Mechanical vs. Hydraulic Brakes (conclusion)
I’m honestly a little torn when it comes to picking an overall favorite type of brakes for bikepacking. My qualm with hydraulics isn’t reliability; I’ve used them on several big trips, including the three-week Tian Shan Traverse and the four-week Altravesur. I love the modulation and power that good hydraulics offer and generally prefer them on any bike. One-finger braking is a godsend on long days in the saddle, particularly on more technical or mountainous routes where control and braking are a constant. My biggest peeve with hydros is how difficult they are to move from bike to bike, particularly with modern frames that have thru-routing. I switch things up a lot, and for that reason, I’ve often opted for mechanical brakes on test builds.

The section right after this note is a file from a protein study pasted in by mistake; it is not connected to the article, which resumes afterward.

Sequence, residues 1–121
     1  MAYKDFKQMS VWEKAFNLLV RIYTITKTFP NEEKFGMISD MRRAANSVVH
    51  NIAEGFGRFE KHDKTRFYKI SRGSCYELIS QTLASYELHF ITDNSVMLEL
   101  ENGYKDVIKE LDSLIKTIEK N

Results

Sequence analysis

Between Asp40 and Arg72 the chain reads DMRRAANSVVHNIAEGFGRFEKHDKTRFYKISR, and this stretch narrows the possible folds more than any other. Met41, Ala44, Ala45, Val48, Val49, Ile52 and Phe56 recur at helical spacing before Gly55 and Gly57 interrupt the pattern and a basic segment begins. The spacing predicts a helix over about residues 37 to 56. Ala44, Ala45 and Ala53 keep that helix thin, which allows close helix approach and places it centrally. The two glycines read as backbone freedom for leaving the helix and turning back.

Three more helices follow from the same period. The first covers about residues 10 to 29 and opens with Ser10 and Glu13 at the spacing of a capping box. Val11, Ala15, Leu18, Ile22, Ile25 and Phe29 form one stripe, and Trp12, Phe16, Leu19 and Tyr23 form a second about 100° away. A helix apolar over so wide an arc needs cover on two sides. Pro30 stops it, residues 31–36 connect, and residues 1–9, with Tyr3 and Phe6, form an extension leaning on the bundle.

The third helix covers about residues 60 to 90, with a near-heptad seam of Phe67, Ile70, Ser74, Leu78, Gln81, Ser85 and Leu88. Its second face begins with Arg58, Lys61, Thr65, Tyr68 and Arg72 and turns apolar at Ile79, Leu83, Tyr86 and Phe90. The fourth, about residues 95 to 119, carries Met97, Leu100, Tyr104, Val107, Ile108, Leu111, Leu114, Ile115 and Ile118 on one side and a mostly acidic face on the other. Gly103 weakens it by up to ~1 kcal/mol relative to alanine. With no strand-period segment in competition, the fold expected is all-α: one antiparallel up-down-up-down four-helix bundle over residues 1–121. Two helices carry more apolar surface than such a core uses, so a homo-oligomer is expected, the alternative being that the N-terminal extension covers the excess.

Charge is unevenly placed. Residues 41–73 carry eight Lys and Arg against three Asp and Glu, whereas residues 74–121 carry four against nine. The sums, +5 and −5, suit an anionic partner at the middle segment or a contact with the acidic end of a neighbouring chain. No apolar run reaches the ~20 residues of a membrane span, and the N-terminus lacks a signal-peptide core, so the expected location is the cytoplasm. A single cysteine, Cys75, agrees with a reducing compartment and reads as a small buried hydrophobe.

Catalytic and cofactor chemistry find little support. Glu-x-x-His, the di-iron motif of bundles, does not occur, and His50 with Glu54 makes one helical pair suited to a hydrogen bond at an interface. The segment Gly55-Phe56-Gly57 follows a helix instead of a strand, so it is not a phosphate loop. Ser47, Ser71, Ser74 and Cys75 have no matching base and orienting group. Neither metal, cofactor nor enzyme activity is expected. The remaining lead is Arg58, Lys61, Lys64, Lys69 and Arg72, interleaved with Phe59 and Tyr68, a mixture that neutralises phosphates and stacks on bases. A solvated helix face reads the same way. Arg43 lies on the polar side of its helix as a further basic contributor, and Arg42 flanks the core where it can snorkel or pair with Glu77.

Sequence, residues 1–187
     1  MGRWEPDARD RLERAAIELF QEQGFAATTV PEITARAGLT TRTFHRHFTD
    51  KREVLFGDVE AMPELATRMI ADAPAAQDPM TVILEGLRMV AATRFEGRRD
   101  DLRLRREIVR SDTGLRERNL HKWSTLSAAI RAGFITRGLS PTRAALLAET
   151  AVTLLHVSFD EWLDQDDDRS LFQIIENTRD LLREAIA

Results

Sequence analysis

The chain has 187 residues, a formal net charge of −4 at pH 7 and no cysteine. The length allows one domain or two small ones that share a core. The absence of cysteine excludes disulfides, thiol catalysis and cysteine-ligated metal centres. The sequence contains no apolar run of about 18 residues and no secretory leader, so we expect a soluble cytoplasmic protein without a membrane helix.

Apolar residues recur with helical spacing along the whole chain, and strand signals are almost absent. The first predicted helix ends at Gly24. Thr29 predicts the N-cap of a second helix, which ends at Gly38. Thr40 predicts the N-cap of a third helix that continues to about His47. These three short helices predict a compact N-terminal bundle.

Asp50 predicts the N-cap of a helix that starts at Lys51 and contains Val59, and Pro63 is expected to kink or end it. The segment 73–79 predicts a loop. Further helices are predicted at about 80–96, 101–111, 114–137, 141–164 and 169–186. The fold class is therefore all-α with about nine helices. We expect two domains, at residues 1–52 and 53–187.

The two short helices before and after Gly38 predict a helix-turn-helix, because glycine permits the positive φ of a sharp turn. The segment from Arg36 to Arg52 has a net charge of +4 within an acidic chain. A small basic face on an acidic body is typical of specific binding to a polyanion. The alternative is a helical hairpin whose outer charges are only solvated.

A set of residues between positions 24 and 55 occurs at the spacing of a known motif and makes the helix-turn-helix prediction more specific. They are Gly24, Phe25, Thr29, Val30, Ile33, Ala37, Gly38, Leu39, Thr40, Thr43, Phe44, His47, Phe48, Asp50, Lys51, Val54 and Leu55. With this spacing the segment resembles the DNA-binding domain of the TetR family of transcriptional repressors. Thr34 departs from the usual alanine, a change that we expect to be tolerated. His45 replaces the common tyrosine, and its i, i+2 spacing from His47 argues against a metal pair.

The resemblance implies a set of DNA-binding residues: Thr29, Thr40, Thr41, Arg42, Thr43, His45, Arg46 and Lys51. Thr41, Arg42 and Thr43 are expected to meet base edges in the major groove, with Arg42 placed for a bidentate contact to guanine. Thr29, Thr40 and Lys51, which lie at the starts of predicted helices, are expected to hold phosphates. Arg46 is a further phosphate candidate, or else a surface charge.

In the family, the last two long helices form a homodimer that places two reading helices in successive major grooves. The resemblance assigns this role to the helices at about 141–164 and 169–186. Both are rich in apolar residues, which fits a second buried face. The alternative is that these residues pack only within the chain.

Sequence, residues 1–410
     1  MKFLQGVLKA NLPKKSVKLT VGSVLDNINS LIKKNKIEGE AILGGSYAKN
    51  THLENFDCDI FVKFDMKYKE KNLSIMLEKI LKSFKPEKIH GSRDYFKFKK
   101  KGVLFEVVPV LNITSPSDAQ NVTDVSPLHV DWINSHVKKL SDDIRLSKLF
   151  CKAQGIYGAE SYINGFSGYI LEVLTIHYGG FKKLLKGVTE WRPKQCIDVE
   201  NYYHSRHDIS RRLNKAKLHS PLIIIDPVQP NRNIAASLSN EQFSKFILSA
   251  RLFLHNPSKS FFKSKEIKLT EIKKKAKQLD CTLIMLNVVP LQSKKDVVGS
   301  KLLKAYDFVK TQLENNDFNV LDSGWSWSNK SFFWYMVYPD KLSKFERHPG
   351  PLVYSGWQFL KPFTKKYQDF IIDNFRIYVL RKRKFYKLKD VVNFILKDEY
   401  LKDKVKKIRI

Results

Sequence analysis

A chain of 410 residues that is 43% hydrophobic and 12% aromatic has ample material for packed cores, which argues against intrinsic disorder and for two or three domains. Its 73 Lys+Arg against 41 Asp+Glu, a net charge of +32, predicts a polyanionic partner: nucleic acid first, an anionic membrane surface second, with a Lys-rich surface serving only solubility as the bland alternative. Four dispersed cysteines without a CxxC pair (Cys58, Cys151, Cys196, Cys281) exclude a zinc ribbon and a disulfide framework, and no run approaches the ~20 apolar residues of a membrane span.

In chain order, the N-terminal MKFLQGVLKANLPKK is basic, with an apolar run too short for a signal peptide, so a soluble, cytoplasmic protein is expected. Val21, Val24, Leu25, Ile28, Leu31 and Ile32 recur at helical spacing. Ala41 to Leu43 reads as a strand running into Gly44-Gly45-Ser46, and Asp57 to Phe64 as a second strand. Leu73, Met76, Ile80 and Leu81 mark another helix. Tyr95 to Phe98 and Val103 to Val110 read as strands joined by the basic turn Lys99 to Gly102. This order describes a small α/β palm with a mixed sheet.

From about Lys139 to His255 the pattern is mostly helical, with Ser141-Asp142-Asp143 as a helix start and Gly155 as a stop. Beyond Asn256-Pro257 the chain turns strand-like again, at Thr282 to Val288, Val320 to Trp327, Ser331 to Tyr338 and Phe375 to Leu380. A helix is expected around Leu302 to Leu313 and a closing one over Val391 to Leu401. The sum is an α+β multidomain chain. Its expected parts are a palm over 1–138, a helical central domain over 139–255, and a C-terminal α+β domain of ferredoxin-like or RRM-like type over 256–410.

But if you’re weighing out the two options, I believe the choice has a lot to do with how long your trip is. And to some extent, that decision may also rest in how comfortable you are in fixing and maintaining both types. Cable brakes are easy to see and understand, so almost anyone can get their head around them. Hydros require more knowledge and pre-trip experience with how they work. I think hydros are super reliable most of the time, but if one does fail for one reason or another, it’s difficult to do much about it, compared with carrying a spare steel cable.